I imagine that Michael Crichton fans will be somewhat surprised to see a ‘new’ book by him nine years after his death, but as prolific as he was in books released he also left a vast archive of notes, ideas and unfinished works. One of them is Dragon Teeth an action thriller with dinosaurs, cowboys, outlaws and the kind of early scientist-adventurers that would inspire the character of Indiana Jones. It’s also basically true. In the American West of 1876 Indian tribes are warring, homesteaders are encroaching and remote communities have their own frontier law. Into this dangerous land travel two men. Scientists, fossil hunting palaeontologists to be precise, and bitter rivals. Othniel Charles Marsh and Edwin Drinker Cope are the pre-eminent figures in the new science and are constantly searching for ways to one-up or discredit the other. Their hatred is legendary, as are the lengths they will go to in their personal feud. Here in the aptly named Wild West, their rivalry will come to a head over a discovery that will draw in law men and criminals and involve theft, arson and even the destruction of priceless fossils. Inspired by real events, this is a story from a time where a single discovery could make or break a career and fossils were the biggest thing in science. A period known to palaeontologists as ‘The Bone Wars’. 



Age of Myth by Michael J Sullivan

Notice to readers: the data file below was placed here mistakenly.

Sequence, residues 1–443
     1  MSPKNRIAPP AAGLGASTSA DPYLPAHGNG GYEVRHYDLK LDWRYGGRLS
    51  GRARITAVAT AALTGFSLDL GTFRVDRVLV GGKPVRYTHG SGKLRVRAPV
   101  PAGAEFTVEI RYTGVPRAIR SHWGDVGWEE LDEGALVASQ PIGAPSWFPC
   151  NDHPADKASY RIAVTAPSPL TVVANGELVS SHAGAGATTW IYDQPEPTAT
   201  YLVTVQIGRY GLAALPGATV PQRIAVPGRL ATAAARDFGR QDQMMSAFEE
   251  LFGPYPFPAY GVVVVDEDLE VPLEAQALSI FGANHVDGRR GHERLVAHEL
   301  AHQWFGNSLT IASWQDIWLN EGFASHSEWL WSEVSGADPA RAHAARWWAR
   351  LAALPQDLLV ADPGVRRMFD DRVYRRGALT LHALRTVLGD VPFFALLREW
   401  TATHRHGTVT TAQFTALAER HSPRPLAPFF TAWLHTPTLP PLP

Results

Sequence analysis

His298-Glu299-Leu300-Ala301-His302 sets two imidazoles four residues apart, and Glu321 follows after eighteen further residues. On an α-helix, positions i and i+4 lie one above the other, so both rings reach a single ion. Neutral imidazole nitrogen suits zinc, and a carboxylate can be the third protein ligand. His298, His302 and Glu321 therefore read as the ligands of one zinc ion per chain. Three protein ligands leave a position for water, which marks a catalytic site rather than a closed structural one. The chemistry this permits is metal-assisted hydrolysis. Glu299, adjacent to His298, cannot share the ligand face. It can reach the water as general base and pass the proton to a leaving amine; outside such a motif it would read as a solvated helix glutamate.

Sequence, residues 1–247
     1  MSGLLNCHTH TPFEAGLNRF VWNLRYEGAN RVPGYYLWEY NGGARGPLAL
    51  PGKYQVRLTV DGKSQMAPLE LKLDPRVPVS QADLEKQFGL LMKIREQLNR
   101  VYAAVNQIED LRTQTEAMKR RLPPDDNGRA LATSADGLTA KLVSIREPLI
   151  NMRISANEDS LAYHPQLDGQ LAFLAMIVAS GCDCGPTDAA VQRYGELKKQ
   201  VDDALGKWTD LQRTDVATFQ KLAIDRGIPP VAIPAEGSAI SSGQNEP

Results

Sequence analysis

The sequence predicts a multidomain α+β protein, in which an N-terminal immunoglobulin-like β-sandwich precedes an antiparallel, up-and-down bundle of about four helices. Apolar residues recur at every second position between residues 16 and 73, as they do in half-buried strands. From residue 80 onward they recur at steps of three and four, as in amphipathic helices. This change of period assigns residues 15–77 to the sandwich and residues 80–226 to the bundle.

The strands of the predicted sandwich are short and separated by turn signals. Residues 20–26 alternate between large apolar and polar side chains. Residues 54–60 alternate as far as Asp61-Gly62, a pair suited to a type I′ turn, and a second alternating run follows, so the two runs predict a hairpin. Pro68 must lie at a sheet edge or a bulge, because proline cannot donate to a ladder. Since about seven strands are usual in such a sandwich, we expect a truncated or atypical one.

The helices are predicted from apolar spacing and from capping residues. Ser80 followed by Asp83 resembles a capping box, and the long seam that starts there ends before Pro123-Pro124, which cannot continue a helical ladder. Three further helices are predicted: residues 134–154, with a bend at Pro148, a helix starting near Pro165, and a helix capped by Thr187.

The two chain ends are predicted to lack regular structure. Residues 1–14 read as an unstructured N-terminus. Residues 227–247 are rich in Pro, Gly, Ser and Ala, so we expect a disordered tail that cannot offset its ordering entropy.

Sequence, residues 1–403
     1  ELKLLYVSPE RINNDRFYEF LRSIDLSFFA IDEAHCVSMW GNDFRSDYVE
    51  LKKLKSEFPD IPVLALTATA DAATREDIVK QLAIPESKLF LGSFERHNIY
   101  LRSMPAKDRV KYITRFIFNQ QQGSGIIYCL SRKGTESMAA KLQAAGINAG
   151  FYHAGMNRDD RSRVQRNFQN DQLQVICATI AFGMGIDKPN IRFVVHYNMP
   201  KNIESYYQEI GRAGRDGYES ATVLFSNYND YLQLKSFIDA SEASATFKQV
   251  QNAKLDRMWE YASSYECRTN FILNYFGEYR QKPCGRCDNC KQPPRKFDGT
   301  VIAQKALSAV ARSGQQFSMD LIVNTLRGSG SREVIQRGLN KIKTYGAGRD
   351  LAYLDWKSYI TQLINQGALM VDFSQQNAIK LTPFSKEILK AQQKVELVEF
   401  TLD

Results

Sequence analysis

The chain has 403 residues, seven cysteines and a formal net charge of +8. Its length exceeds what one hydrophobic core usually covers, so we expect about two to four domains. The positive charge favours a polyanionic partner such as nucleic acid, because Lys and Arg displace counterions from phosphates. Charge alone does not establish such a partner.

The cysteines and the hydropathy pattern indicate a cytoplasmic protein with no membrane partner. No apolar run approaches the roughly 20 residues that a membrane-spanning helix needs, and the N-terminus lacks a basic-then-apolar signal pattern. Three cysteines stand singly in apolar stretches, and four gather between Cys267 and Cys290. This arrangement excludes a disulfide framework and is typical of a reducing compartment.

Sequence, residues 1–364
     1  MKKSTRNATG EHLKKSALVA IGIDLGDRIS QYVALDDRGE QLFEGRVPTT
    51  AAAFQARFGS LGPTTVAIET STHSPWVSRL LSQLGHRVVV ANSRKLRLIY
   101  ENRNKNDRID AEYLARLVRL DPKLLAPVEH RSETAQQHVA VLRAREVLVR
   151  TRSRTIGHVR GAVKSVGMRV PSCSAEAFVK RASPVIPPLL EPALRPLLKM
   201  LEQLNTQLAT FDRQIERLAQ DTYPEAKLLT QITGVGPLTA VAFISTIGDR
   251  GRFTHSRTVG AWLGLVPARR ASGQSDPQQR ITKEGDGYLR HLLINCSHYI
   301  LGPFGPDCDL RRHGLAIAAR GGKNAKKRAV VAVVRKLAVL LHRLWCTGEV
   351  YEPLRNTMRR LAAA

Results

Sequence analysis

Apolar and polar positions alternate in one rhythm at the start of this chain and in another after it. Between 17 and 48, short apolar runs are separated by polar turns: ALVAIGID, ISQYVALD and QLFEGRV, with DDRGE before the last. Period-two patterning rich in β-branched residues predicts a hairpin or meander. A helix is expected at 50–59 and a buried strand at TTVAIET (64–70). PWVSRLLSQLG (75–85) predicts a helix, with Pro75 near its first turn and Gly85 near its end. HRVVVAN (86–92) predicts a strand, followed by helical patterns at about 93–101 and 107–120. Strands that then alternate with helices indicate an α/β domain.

Release Date:  Early June
A while ago I mentioned Those Above, a book by Daniel Polansky that re-imagined the idea of elves with far less kindly view of how they might behave. It and the sequel Those Below have done quite well. In this new book Michael J Sullivan also engages with one of the classic elf tropes and does a bit of deconstruction of his own. It is set in the same world as his earlier Riyria series, though thousands of years earlier but is written to work on its own as well. I say on its own, but there are another five books in the series to come, you just don’t have to have read any of Sullivan‘s other books to follow them. But back to the story. It’s an ancient time and humanity worships the gods they call the Fhrey. Masters of magic, immortal and invincible in battle, the Fhrey have been feared and obeyed for as long as anyone can remember. Then the unthinkable happens and a Fhrey falls to a human blade. With the balance of power between humans and Fhrey shattered by this event now it falls to three individuals to save their people. Suri, a Seer who sees only impending doom, Persephone, who must overcome her own pain and become a leader and Raithe, the young man they are calling The God Killer. 


Blue Shift by Jane O’Reilly
Release Date:  Early June